Third-graders in Aimee Mills' art class at Winecoff Elementary School this month became the first in Cabarrus County Schools to experience the Bechtler Museum of Modern Art's Artists-in-Schools education program.
Longtime Charlotte artist Amy St. Aubin introduced students to realism, cubism and printmaking. St. Aubin, who works with oil paints on canvas and wood, said she teaches hundreds of kids per year through arts integration programs run by the Bechtler, the North Carolina Blumenthal Performing Arts Center and the McColl Center for Visual Art.
About 125 students met with St. Aubin once a week for three weeks. They learned about famed Spanish painter Pablo Picasso, drew real and abstract self-portraits and made prints of their artwork.
"Some of them found abstract harder than realism," said Aubin. "I used words like 'distorted' and 'exaggerated' to help get the point across. I told them, 'If it looks weird, if it looks freaky, that's great, because that's how it's supposed to look.' "
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The students will celebrate what they've learned later this year by hosting their own gallery show and taking a trip to the two-year-old Charlotte museum.
In the first class, students learned about proportion to help them draw realistic portraits. Next, students created abstract dual portraits, using vivid colors, geometric shapes and patterns. The final lesson ended with students making watercolor silk-screen prints.
"It was icky, but I liked it," said Imyah Johnson, 8, of Concord.
"It was fun. I liked learning about the cool and hot colors, and it made me feel like a famous person," said Paul "PJ" Irving, 8, of Kannapolis.
Geoffrey Lineberger, 8, of Concord said he enjoyed learning about abstract art and cubism.
"It's neat because I'll do a circle for the head, then draw triangles in the middle for eyes," he said. "All you're basically drawing is shapes, and you just use them to draw a person."
Miaya Whiters, 8, of Concord said she learned how the print-making process worked.
"I didn't think it would transfer through on paper," she said. "I was surprised."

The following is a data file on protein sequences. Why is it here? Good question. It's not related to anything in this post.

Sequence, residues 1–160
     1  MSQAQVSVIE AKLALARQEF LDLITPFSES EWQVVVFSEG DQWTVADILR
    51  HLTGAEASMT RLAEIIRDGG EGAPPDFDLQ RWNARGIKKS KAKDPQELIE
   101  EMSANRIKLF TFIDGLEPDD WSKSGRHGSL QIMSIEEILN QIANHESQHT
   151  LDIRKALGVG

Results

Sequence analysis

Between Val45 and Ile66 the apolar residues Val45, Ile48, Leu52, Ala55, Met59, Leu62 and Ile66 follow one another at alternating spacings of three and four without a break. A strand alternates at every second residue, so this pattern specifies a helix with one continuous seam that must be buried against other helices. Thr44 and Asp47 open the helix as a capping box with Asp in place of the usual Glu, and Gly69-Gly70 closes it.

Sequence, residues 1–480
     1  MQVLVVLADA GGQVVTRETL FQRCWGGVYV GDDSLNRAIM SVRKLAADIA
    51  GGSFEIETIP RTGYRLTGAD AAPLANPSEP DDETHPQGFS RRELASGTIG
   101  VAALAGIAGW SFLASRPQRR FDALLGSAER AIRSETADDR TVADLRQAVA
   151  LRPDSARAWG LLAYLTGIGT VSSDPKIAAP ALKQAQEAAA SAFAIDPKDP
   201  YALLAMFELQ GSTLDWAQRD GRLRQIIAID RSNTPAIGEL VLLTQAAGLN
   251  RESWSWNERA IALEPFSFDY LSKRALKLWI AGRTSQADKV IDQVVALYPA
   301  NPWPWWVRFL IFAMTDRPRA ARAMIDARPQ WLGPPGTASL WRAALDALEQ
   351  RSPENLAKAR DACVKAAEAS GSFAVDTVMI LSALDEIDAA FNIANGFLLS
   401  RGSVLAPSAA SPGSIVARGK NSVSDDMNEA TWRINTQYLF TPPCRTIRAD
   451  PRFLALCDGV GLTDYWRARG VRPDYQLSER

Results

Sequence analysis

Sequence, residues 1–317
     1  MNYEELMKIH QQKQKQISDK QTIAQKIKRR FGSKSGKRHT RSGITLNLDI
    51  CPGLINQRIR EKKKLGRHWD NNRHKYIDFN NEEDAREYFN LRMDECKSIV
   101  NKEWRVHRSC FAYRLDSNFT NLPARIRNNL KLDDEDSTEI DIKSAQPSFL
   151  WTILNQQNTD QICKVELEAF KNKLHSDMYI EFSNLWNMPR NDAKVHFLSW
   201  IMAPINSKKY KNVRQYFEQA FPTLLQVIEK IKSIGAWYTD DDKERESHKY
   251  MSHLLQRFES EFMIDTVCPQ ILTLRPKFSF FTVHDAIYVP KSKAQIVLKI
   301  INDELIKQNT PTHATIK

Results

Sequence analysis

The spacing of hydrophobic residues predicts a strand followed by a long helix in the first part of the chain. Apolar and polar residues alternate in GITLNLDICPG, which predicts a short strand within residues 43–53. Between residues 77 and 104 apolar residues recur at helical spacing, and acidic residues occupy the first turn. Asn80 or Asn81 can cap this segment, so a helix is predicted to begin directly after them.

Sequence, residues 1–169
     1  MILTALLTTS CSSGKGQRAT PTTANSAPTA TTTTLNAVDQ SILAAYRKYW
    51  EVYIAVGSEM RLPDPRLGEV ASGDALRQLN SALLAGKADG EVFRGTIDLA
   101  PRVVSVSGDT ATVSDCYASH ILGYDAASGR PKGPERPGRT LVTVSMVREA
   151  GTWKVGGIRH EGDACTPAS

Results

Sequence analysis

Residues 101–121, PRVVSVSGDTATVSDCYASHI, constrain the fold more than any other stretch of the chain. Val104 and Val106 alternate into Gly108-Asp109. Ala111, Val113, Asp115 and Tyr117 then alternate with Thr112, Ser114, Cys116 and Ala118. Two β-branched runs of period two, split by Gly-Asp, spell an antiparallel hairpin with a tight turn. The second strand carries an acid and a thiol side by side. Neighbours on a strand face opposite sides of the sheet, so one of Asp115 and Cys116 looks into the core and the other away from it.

Grayson Taylor, 9, of Kannapolis said he enjoyed coloring his portrait and making the prints best. But he also learned a thing or two about Picasso and his style.
"It was cool," he said. "I like his cubism and abstract stuff. Some of his work made me feel sad, warm, disgusted and awesome."
Mills named her class Studio 407, after her room number. She starts each year by giving students a survey, which often reveals that most of them have never been to a museum.
"So for them to be able to go to the museum at the end of all this is huge," said Mills.
The partnership also introduced students to a project Mills might not otherwise have been able to afford.
"I liked being able to learn something new, and it actually was something I might not have been able to do with my children, because it's quite costly," said Mills. "For the children, I think just having someone else come in and teach, and knowing that they're a practicing artist, helps make a bigger impression on them."
Mills agreed students found the abstract drawings more challenging.
"But they made the connection between color and mood, or how one side of the portrait could represent different emotions," said Mills.
Throughout the year, students will learn about museum etiquette and how art is a gateway to learning about other subjects and cultures.
"I think through the art process, they learn how everything's connected," said Mills.
The Bechtler primarily worked with Charlotte-Mecklenburg Schools last year but has expanded to Cabarrus and Union counties this year.
The Bechtler Museum of Modern Art works with three main teaching artists who can cover virtually any medium. The museum also helps schools develop lesson plans that tie to museum's permanent collection.
Privately held by the Bechtler family of Switzerland until the museum opened in January 2010, the museum's 1,400-piece collection spans more than 70 years of art history. It focuses on influential mid-20th century artists, such as Picasso and Andy Warhol. Some of the works have been in public view only since the museum opened.
"This collection was privately held until two years (ago)," said Erica Somerwitz, the museum's school and community programs manager. "It's not been seen by the public, and we're kind of rediscovering a lot of the work.
"For the kids to be able to come and look at it is great, but then for them to make sense of it in the world they're living in now makes it contemporary to them."